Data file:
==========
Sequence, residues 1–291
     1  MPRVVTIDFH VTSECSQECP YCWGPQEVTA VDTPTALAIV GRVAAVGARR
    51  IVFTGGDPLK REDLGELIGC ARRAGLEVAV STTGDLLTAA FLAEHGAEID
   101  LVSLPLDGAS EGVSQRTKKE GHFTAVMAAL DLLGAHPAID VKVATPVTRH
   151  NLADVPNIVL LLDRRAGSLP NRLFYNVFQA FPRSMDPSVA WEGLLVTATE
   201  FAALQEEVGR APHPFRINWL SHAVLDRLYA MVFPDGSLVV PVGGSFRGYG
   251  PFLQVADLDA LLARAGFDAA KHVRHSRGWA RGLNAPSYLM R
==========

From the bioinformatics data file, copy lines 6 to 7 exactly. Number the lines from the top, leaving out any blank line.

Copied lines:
   201  FAALQEEVGR APHPFRINWL SHAVLDRLYA MVFPDGSLVV PVGGSFRGYG
   251  PFLQVADLDA LLARAGFDAA KHVRHSRGWA RGLNAPSYLM R